The present pair of vases must be from a commission with provenance similar to that given to Paul Utzscheider & Cie on behalf of Napoleon for several pairs of candelabra and Medicis vases decorated in imitation of porphyry and other hardstones. The manufacture formed by the partnership between Joseph Fabri and François-Paul Urtzschneider started producing ceramics in 1792 at Sarreguemines, a mills town in the Moselle. In the early 19th Century they invented a specific composition with which, once it was polished, they were able to simulate porphyry, jasper and other precious stones. In the 1809 Exposition des Produits de l'Industrie, they were awarded a gold medal for their vases in imitation of these stones, and attracted the attention of Baron Vivant-Denon, Napoleon's foremost art advisor. Consequently, the Emperor commissioned an important set of objets d'art from Fabri and Urtzschneider, including eight pairs of torchères and twenty-two pairs of vases (the latter of four different designs), at a total cost of 120,000 francs. In the French archives, these are listed as "Vases en matières imitant les pierres dures opaques, savoir le basalte brun, le porphyre brun, le porphyre brun et rouge et le porphyre brun et blanc, dans les formes et ornaments en bronze doré conformes aux dessins n. 1,2 & 4". The present pair correspond to drawing number 2, noted as a "Une paire forme grecque… 80 centimetres en porphire brun et blanc, conforme au model no 2, sans ornements en bronze.”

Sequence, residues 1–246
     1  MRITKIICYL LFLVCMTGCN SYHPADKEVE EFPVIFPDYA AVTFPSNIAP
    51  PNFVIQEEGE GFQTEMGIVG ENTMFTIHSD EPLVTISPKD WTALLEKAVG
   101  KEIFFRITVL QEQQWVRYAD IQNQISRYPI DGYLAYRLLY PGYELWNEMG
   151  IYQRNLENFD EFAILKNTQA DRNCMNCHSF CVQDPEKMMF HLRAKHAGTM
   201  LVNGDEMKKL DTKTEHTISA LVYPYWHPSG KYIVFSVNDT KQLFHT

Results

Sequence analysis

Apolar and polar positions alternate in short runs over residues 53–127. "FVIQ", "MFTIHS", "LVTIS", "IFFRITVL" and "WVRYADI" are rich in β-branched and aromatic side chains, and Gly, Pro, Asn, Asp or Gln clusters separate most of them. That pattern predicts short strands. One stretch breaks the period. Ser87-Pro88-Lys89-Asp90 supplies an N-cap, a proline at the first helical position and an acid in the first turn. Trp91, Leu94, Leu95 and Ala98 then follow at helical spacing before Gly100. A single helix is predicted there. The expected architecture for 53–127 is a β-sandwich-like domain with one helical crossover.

Sarreguemines imitations of porphyry are very scarce. Of the few known vases there is a single in the Palais de Trianon in Versailles, another in the Musée National de Céramique in Sèvres while a pair-- very similar to the present lot-- in the Château de Malmaison. Of the Sarreguemines torchères, two pairs are in the Palazzo Reale in Naples, two pairs are in the Château de Fontainebleau, a pair is in the Musée Marmottan in Paris (illustrated in Y. Brayer et. al., Musée Marmottan. L'Empire, Paris, 1977, p.54) while a further pair, from the collection of Monsieur Hubert de Givenchy, was exhibited at the Christie's Paris Empire exhibition held at the Avenue Matignon gallery in September 2014, the bill of sale for which is retained in the Archives Nationale, Paris.